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And do you know why that is; well it’s very simple really.
The main reason is total piggin’ ignorance! ... just as well I went for a somewhat diplomatic way of describing it :-))
Most end users haven’t really got a clue where to locate a camera, and many of the installers appear to be little better informed.
So how exactly do you decide where best to place a camera, and perhaps more importantly, where not!!
Just follow Doktor Jon through the basic concept, which is referred to as the "Cone of Containment", and you’ll be amazed at how much more effective CCTV cameras can be, when they're applied more thoughtfully.
Be warned though, once you’ve grasped this most simple of ideas, you’ll run the risk of acute DJ syndrome, manifesting as a uncontrollable reflex rage reaction, to the sight of an inappropriately installed CCTV camera.
So what exactly is the ‘Cone of Containment’?; well, first things first, whatever you intend to use a CCTV camera for, it’s vitally important to understand and define it’s key objectives. That may be as simple as stating that it must provide evidential quality 'identification level' images of individuals walking along a corridor, entering a shop doorway, or resolving a vehicle registration plate.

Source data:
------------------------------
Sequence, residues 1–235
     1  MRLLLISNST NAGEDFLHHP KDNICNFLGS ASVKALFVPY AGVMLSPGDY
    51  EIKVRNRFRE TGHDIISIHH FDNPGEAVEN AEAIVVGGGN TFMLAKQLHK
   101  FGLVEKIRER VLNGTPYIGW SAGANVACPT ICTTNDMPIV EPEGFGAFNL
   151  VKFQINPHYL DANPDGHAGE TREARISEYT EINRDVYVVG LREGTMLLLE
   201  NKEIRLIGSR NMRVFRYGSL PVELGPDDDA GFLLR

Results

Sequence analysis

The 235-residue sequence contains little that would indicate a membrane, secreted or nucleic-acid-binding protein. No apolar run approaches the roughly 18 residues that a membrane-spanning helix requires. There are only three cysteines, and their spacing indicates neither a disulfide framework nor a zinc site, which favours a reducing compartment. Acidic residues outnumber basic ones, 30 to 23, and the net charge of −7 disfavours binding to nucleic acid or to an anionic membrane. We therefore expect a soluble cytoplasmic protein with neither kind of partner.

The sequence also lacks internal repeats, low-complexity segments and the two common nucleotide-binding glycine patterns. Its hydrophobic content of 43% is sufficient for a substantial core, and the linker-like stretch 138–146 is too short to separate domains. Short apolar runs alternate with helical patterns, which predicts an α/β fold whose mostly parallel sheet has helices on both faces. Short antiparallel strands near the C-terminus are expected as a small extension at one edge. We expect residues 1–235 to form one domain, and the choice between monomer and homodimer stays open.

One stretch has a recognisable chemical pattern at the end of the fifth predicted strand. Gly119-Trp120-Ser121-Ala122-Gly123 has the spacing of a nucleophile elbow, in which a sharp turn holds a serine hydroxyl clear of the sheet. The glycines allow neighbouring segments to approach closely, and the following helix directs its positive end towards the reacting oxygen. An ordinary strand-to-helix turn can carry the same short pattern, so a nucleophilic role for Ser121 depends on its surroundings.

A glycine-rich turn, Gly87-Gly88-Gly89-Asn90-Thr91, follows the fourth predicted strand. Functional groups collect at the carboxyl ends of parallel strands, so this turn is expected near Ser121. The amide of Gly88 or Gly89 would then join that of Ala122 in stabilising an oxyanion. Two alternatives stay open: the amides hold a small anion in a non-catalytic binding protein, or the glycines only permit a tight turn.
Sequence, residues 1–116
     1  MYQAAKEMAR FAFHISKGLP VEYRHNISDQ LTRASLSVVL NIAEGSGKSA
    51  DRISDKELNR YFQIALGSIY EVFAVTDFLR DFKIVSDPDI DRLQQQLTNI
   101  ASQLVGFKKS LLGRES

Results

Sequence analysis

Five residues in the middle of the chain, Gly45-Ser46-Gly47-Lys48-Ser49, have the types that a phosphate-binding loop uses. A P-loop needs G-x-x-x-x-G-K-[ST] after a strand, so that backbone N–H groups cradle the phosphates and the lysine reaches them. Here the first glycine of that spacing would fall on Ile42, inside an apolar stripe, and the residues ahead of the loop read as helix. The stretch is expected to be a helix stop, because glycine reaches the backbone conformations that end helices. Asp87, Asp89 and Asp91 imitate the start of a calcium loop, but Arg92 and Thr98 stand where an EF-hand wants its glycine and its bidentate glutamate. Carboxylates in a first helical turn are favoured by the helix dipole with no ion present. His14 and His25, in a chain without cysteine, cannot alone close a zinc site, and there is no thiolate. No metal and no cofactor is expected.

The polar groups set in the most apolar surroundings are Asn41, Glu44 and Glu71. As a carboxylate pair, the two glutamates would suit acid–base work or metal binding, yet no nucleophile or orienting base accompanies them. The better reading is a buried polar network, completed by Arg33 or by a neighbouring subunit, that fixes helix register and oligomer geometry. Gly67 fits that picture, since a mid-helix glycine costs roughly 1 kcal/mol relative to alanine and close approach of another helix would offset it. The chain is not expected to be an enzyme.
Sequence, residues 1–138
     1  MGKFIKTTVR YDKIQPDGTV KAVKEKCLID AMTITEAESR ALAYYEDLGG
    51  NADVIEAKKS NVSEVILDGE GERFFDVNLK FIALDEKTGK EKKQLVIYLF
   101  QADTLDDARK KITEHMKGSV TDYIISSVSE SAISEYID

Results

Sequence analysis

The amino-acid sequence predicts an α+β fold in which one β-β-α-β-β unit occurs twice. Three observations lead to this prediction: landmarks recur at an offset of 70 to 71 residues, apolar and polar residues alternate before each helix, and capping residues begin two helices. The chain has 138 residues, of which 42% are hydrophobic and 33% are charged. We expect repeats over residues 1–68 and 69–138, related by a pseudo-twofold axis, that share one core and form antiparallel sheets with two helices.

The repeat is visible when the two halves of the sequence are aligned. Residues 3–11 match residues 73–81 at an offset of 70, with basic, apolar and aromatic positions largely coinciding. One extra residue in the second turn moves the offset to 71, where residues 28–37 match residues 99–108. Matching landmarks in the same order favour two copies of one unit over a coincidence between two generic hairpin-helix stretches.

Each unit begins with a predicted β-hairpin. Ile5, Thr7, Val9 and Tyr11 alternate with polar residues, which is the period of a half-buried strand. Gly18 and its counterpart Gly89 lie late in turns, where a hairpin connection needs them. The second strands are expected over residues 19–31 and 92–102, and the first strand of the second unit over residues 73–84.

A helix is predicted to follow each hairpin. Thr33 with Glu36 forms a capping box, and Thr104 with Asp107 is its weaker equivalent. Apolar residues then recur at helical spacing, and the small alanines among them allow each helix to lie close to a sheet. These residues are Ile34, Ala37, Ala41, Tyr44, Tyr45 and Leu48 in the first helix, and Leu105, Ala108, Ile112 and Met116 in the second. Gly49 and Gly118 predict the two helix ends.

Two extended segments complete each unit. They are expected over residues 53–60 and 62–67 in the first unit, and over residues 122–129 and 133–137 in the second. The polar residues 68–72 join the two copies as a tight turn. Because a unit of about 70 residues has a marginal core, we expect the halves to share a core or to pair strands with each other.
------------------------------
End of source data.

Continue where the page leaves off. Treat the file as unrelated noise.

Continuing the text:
Whatever the objectives, try and task the camera with one specific function, and concentrate on that; if you ask a camera to do too many things, chances are it won’t be much use for any of them.
So on the basis that you know exactly why the camera is being installed, the next stage is to identify where to place it most effectively.
Doktor Jon explains about the 'Cone of Containment'
Before you can decide on the most appropriate lens for any given application, you first need to decide where to place the camera to best effect.
Now you’d think that this part of the exercise would be a piece of .... cake, but in point of fact, as Doktor Jon has travelled to the four corners of his office and beyond, the inescapable fact is that well over 90% of all CCTV cameras seen to date, have been placed in entirely the wrong location.